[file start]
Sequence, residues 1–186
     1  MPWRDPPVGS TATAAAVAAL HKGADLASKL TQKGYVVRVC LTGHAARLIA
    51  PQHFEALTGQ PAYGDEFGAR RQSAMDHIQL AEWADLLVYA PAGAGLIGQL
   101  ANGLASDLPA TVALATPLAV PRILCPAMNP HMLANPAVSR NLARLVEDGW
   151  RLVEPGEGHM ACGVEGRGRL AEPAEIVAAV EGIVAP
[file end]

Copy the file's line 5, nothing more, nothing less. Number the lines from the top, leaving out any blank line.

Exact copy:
   151  RLVEPGEGHM ACGVEGRGRL AEPAEIVAAV EGIVAP